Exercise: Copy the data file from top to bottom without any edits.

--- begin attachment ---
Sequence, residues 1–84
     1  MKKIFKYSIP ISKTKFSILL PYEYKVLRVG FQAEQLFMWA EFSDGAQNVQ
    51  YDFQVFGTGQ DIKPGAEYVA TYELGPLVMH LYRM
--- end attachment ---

Sequence, residues 1–84
     1  MKKIFKYSIP ISKTKFSILL PYEYKVLRVG FQAEQLFMWA EFSDGAQNVQ
    51  YDFQVFGTGQ DIKPGAEYVA TYELGPLVMH LYRM